EXUMA and Ragged Island MP Chester Cooper. (File photo)
By RASHAD ROLLE
Tribune Staff Reporter
EXUMA and Ragged Island MP Chester Cooper said the government’s upcoming ban on single-use plastics is being implemented too soon.
He also hit out at the “punitive” punishment for releasing balloons as a first-time offence under the anticipated law.
The ban on single-use plastics and Styrofoam will go in place on January 1, 2020.
“I support the idea, but I do believe the implementation time is too close,” Mr Cooper said yesterday during debate on a compendium of environmental bills in the House of Assembly.
“January 1 is right around the corner. I think a six-month window for public education and to allow people to deplete the stock they had already purchased would make more sense. In order for this to work, there must be buy-in from the public. The public should know how this impacts our land and sea and health. Otherwise people will flout the law.”
He added: “This will impact small business and small business owners the most. We have to be sensitive about the bottom line, what with the recent increase in VAT and the soon to be increased power bills if the government has its way. A few months ago when these bills were laid, I made a plea on behalf of a small business owner from Black Point, Exuma who hires up to 12 persons in the plastics business. They must have adequate time to appropriately adjust their product lines.”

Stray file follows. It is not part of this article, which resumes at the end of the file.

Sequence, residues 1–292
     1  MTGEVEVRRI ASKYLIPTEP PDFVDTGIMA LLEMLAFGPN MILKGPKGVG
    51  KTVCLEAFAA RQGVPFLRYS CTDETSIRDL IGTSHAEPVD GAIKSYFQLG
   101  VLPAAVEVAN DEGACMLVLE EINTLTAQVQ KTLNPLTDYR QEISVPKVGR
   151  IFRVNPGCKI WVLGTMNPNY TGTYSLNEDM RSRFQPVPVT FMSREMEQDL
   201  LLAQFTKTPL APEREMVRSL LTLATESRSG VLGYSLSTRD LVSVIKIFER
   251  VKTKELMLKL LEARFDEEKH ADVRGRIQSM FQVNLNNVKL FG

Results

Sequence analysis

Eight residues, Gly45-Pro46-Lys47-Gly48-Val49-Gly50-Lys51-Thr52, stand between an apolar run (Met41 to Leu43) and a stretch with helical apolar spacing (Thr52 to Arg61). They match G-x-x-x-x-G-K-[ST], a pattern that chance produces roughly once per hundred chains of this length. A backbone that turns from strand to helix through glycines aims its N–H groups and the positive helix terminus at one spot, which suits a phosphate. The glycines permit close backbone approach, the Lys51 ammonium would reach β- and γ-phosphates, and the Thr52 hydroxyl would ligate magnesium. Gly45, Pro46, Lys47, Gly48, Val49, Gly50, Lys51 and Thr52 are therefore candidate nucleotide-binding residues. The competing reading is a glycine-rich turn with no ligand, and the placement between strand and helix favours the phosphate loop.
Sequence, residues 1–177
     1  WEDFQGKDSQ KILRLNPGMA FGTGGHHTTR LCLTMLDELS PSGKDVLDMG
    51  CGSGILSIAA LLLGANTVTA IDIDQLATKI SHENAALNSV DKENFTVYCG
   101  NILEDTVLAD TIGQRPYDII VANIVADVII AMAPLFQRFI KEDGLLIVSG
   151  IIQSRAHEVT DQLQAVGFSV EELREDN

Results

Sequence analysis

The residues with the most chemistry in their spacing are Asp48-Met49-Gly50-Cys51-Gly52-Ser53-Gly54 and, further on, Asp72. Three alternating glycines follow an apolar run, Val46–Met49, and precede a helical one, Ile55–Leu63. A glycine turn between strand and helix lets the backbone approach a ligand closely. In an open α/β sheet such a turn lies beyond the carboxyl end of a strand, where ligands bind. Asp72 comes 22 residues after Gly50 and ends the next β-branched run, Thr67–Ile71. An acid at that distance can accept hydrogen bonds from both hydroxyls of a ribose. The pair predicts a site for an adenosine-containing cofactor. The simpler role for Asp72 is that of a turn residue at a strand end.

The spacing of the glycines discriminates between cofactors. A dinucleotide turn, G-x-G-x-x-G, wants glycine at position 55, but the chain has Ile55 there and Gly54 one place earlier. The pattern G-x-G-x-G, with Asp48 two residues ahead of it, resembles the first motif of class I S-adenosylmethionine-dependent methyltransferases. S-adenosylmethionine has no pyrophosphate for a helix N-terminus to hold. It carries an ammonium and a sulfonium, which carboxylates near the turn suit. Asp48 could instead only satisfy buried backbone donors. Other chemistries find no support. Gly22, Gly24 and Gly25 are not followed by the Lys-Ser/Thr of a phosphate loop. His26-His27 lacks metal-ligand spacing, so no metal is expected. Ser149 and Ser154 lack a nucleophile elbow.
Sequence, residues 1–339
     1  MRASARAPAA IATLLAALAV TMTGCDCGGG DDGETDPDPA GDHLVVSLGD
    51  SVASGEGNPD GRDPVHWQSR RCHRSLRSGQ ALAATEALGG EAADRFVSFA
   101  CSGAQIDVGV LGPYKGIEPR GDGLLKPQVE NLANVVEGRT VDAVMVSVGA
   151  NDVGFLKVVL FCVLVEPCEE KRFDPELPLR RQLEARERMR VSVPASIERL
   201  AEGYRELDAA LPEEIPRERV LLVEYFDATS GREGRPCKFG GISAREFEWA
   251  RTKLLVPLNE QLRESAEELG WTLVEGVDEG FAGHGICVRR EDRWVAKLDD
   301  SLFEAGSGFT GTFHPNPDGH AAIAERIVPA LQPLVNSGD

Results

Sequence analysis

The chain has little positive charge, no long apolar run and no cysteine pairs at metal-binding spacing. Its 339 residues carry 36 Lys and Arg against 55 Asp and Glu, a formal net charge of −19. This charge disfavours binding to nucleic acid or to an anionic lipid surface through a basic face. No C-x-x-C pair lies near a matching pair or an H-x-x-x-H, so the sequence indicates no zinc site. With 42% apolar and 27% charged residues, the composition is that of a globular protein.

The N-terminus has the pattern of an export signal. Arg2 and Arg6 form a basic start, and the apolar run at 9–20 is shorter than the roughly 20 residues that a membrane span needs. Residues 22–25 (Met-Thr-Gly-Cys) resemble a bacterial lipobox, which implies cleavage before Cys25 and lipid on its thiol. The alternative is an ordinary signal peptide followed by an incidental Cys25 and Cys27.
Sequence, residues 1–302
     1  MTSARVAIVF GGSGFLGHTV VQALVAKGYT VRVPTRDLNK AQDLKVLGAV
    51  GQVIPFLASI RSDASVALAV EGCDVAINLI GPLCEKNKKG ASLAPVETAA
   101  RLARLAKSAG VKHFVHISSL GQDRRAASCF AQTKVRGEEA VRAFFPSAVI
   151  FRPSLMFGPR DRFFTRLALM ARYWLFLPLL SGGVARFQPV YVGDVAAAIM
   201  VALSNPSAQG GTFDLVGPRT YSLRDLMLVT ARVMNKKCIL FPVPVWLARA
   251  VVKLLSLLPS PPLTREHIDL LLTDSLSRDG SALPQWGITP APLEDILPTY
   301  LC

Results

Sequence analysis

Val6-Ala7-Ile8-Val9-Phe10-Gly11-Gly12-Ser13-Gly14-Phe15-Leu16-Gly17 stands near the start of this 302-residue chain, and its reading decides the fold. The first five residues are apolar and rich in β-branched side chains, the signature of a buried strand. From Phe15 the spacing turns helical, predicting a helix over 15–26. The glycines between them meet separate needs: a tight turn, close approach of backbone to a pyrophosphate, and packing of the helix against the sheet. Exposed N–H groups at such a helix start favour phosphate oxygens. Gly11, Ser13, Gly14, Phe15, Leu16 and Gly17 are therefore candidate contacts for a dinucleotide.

In response, Environment Minister Romauld Ferreira told The Tribune the public began to be notified of the plastic ban in 2018, suggesting everyone had adequate time. He added that there will be a six-month grace period next year as well.
Mr Cooper also questioned whether elements are in place to ensure compliance with the anticipated laws.
“We often pass laws in this place that the government does not have the teeth to enforce and we often do not enforce laws already on the books,” he said. “Also, $2,000 for releasing balloons on the first offence? We can be punitive to deter these things without being excessive in the face of inadequate education and transition. The date of commencement is also right after Christmas. So while I support the idea, the timeframe should definitely be extended.”
Nonetheless, Mr Cooper and other Progressive Liberal Party MPs supported the compendium of bills, which included the Ministry of Environment Bill, the Environmental Planning and Protection Bill, the Environmental Protection (Control of Plastic Pollution) Bill, the Bahamas National Trust (Amendment) Bill and the Bahamas Protected Areas Fund (Amendment) Bill.
The Environmental Protection (Control of Plastic Pollution) Bill, 2019 will prohibit single-use plastic foodware and non-biodegradable, oxo-biodegradable and biodegradable single-use plastic bags; prohibit the release of balloons; and regulate the use of compostable single-use plastic bags. Single-use plastic foodware outlined in the bill include: Styrofoam cups, plates and other similar Styrofoam foodware used to contain food; plastic knives, forks, spoons and straws.
Under the new law, businesses will be able to possess and sell prohibited plastics to customers up to June 30, 2020 for a fee. Businesses will be allowed to sell compostable single-use plastic bags for 25 cents to $1, excluding VAT.
If convicted under the proposed legislation, a first time offender faces a fine not exceeding $2,000, and in the case of a continuing offence, $500 for each day the offence continues. A second or subsequent offence will be met with a fine not exceeding $3,000, and further fine of $700 for each day it continues.